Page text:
Despite Huge Season Cano Overshadowed for MVP

Coming into the season one of the bigger questions was whether or not Robinson Cano was ready to hit out of the no. 5 spot in the Yankees lineup. Afterall, protecting Alex Rodriguez in the batting order is a big deal.

If that question wasn’t answered on opening day when Cano went 2-for-5 with a double, an RBI, and a run scored there probably were no doubters left when he started off with a 10-game hitting streak that saw him crush four home runs. By the end of April he had a line of .400/.436/.765/1.201 with eight homers and 18 RBI’s.

That hot start has turned into a hot season. Cano has maintained a .323 average, a .945 OPS to go along with 36 doubles, 25 home runs, and 87 RBI’s. He hasn’t even tailed off as the season has progressed, putting up a 155 OPS+ the first half and a 158 OPS+ so far in the second half. Even the knock against him last season, that he couldn’t hit with runners in scoring position, has been forgotten thanks to a 147 OPS+ in those situations this year.

Cano’s bat doesn’t tell the whole story about just how good he’s been in 2010 as his glove work has been equally superb. He’s got soft hands, a quick transition on double plays. His range is good, not great, but his strong arm makes up for that. Combine all of that together and he is second in UZR with a 3.2 only behind Orlando Hudson in the American League.

Unfortunately for Cano, Miguel Cabrera and Josh Hamilton play in the same league and those two players are having absolutely monster seasons.

Cabrera leads the trio in OPS+ with a 186. He has 40 doubles , 33 home runs, and 106 RBI’s. He’s even walked more than he’s struck out, 79 BB vs. 77 SO. He is ahead of Cano in runs, doubles, home runs, RBI, BB, batting average, OBP, slugging, and OPS. The only way Cabrera might not take the MVP is because his team isn’t going to make the playoffs.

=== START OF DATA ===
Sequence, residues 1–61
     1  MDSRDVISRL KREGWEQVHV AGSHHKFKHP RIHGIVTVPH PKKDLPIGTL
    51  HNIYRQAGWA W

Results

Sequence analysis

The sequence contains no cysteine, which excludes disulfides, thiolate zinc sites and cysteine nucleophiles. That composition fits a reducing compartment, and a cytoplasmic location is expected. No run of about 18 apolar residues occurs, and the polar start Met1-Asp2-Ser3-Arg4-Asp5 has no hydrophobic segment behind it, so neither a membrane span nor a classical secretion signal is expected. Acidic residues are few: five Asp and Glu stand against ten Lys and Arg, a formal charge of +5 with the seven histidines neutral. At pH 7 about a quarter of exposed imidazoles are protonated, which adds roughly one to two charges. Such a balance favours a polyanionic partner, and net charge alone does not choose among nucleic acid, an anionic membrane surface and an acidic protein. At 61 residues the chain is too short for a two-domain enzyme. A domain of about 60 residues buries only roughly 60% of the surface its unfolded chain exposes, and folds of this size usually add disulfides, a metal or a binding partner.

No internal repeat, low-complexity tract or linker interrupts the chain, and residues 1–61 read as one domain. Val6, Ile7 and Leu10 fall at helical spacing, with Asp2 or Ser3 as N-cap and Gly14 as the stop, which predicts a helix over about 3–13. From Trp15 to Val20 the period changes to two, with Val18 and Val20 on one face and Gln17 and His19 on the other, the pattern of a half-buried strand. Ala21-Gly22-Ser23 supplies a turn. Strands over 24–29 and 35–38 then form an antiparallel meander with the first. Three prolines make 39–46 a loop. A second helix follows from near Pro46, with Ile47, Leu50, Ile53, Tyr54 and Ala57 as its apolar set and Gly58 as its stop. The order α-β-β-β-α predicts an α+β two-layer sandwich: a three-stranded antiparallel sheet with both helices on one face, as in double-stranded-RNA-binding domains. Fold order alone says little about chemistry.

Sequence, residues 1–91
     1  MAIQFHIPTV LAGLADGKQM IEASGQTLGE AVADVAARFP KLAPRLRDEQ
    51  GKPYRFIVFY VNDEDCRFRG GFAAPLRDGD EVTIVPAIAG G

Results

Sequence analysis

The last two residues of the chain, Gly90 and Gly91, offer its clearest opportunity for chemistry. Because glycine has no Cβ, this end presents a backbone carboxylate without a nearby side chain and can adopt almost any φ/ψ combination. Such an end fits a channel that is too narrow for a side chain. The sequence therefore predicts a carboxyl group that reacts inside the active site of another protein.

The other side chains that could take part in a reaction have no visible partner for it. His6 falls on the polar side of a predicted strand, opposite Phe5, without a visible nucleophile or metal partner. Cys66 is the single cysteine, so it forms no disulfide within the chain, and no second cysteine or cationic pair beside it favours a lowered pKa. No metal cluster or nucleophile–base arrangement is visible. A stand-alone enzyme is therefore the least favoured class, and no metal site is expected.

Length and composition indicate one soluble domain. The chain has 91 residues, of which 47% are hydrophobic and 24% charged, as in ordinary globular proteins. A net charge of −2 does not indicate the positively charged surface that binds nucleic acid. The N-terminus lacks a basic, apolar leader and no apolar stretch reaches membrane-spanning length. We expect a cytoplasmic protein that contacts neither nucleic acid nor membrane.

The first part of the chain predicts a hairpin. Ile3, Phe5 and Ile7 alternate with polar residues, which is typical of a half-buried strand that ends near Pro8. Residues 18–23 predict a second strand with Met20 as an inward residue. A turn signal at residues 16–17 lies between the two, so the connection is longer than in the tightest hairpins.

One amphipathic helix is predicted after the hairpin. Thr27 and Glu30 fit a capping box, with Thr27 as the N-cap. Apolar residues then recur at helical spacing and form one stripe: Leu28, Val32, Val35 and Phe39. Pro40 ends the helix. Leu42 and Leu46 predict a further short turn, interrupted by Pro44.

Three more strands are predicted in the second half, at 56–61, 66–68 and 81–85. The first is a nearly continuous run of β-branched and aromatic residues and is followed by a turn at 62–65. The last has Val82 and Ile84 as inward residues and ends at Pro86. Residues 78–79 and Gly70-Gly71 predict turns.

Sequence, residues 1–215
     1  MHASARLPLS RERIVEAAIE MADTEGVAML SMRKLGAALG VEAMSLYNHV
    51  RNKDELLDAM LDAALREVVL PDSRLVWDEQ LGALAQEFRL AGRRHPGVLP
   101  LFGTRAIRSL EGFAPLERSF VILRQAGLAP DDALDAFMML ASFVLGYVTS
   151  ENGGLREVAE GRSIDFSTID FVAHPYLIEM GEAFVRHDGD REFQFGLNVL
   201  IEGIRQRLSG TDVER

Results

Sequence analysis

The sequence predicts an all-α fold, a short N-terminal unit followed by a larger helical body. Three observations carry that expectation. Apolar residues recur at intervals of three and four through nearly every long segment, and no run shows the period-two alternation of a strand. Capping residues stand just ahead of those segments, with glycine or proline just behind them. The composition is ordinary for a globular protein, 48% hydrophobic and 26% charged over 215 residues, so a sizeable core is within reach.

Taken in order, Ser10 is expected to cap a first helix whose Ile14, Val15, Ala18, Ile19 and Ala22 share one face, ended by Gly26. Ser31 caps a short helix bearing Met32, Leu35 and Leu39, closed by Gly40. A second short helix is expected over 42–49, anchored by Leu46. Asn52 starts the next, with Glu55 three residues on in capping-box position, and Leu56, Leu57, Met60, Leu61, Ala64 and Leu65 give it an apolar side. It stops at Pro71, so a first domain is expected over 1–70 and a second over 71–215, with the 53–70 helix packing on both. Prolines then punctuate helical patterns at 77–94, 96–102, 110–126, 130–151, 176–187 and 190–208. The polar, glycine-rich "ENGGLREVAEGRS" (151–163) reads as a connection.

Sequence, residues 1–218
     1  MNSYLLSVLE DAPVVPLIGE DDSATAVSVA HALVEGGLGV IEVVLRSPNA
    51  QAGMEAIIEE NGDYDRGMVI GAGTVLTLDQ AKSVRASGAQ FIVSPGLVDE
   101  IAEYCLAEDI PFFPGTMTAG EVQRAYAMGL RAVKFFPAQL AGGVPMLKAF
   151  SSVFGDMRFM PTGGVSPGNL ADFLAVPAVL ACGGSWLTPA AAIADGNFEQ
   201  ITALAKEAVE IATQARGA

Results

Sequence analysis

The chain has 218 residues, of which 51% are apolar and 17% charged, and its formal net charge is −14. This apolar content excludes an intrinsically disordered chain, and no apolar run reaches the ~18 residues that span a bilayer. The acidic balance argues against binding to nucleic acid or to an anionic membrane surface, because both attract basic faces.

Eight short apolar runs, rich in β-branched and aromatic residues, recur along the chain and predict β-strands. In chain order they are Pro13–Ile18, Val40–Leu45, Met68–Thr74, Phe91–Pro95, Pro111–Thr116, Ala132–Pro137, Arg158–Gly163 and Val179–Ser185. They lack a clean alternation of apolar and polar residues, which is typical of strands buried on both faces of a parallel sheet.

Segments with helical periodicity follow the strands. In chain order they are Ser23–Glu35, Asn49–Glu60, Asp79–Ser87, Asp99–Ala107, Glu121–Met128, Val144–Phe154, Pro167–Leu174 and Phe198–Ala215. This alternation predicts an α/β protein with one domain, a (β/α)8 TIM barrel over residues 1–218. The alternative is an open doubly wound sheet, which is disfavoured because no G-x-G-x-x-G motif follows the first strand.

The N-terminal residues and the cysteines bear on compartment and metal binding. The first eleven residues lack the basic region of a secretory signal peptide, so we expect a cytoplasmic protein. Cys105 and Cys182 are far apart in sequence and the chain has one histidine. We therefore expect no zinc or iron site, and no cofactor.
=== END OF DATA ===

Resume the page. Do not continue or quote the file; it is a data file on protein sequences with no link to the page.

That brings us to Hamilton. Hamilton’s season is only slightly less impressive than Cabrera’s and he’s carrying his team to an AL West title. With a league leading .357 batting average, 30 home runs, and a 1.042 OPS he leads Cano in runs, hits, doubles, homers, RBI, stolen bases, average, OBP, slugging, and OPS.

The thing that Cano has going for him that could help him get back in the MVP race is his defense and his position up the middle. Cabrera is a below average defender and plays first base, a non-premium position. Hamilton is average in center and slightly below average in left, where he gets most of his starts. If he was a full-time starter in center field than he might be equal to or even have a slight edge over Cano defensively, but 90 starts in left vs. just 38 in center.

Looking at WAR, wins above replacement which takes into account defensive ability and position, this is a pretty close race. Cabrera leads the three with a 6.3 WAR, Cano is second at 6.2 and Hamilton is pulling up the rear at 5.7. However, when you break down the numbers, I just can’t see Cano beating out either of these two stars who are having huge seasons.

I’m sure not everyone will agree with my assessment so here are the stats for the trio and you can decide: